The Obscenity Trial Of "Lady Chatterley's Lover"
By | June 20, 2022
English author D.H. Lawrence was known for pushing the envelope, but his final novel, Lady Chatterley's Lover, caused such an uproar in the U.K. that it wasn't published in its entirety for 30 years after its official release. Although far from shocking by today's standards, the novel was considered obscene, and Lawrence was dismissed as a pornographer who wasted his talent.
Lady Chatterley's Lover
The young and pretty Constance Reid, married to the handsome upper-class Sir Clifford Chatterley, spends much of the book wrestling with her carnal desires after a battlefield injury leaves her husband paralyzed from the waist down and unable to perform his marital duties. When she begins an affair with the estate gamekeeper, she finds that love can exist entirely outside the mind. Although those parts of the book received the most attention, the novel is an important commentary on social class and the repression of women's desires. Truth be told, the spicier portions of the text are no more so than those contained in today's average bodice-ripper, but Lawrence did take liberties with certain four-letter words that were forbidden from print.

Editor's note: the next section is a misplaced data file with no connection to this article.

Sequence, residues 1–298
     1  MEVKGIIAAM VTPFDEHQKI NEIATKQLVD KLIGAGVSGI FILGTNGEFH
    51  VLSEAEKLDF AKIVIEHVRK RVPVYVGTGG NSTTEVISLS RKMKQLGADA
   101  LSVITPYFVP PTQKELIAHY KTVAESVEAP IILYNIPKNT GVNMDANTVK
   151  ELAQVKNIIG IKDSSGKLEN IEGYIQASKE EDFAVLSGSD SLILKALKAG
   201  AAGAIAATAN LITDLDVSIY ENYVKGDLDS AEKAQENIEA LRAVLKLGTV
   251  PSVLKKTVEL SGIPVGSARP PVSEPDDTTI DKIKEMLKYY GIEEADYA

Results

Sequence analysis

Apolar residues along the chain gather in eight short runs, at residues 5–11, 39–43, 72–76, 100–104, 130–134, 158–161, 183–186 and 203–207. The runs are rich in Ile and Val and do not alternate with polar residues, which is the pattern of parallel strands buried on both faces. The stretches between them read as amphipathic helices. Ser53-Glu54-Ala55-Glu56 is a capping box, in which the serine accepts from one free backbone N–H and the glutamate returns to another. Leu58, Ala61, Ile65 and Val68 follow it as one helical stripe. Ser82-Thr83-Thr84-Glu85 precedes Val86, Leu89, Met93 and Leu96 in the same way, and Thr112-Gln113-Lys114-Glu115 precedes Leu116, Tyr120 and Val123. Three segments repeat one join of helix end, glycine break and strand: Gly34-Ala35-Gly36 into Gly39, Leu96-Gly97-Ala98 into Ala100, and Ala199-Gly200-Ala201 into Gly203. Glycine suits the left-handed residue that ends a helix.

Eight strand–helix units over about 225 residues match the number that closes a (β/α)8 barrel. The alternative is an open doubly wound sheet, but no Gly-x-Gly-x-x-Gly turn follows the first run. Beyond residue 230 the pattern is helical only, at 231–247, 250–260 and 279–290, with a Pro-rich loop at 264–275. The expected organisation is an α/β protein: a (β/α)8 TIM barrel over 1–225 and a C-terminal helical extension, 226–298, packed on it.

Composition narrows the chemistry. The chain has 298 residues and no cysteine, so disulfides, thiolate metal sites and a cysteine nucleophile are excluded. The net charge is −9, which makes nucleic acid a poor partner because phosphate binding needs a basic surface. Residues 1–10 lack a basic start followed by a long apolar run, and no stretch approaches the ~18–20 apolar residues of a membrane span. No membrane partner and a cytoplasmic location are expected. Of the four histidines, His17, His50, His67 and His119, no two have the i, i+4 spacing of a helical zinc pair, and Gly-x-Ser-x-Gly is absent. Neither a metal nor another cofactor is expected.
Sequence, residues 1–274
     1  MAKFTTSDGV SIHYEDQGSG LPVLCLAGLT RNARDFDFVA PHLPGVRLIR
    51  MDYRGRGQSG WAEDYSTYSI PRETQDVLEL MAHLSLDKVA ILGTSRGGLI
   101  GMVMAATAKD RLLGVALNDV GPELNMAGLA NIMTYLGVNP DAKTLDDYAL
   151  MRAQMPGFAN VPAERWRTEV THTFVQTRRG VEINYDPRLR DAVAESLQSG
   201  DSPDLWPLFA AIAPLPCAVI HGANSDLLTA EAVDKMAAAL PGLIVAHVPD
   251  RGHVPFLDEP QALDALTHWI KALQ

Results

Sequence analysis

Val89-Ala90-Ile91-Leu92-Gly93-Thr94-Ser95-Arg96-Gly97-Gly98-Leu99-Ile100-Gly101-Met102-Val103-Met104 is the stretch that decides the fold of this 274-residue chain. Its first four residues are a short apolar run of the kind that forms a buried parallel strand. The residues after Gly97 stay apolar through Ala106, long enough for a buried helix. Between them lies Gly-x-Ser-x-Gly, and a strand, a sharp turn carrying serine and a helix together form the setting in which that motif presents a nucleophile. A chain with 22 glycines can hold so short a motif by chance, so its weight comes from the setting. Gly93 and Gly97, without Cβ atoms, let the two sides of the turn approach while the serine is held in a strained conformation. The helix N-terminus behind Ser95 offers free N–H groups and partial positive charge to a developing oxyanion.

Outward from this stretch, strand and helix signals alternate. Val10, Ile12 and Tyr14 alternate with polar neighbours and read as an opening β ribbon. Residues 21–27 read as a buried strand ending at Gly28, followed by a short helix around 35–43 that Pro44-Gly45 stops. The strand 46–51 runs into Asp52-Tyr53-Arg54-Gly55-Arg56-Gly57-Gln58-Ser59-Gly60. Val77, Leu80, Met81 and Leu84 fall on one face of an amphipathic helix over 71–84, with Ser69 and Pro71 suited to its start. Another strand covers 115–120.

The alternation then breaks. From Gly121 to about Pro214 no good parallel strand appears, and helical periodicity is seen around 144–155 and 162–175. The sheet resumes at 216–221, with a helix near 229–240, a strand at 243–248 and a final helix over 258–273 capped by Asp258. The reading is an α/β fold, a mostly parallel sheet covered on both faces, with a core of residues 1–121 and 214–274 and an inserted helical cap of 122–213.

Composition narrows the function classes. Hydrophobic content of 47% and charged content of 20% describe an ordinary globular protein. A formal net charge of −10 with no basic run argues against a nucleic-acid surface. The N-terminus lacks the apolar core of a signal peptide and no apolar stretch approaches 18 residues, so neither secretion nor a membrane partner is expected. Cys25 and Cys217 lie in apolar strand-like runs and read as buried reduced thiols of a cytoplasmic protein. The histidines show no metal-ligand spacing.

The Obscene Publications Act
Lady Chatterley's Lover was first published privately in 1928 in Italy and then in France the next year, but U.K. obscenity laws permitted Penguin Books to publish only a heavily censored edition in the country in 1932. The missing text was crucial to understanding Lawrence's vision, so in 1960, the year after the country's Obscene Publications Act was passed, Penguin published the full story to test the new law. The publisher reportedly sent a copy of the book straight to the director of public prosecutions, who responded by filing a lawsuit to block the publication.